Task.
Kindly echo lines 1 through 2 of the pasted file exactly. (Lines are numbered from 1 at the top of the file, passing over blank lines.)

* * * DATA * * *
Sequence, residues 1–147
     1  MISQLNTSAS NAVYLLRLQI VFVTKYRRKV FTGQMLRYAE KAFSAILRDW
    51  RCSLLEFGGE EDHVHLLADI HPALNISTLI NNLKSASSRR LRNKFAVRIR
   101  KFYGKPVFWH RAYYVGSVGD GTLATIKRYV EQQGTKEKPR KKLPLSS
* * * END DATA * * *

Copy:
Sequence, residues 1–147
     1  MISQLNTSAS NAVYLLRLQI VFVTKYRRKV FTGQMLRYAE KAFSAILRDW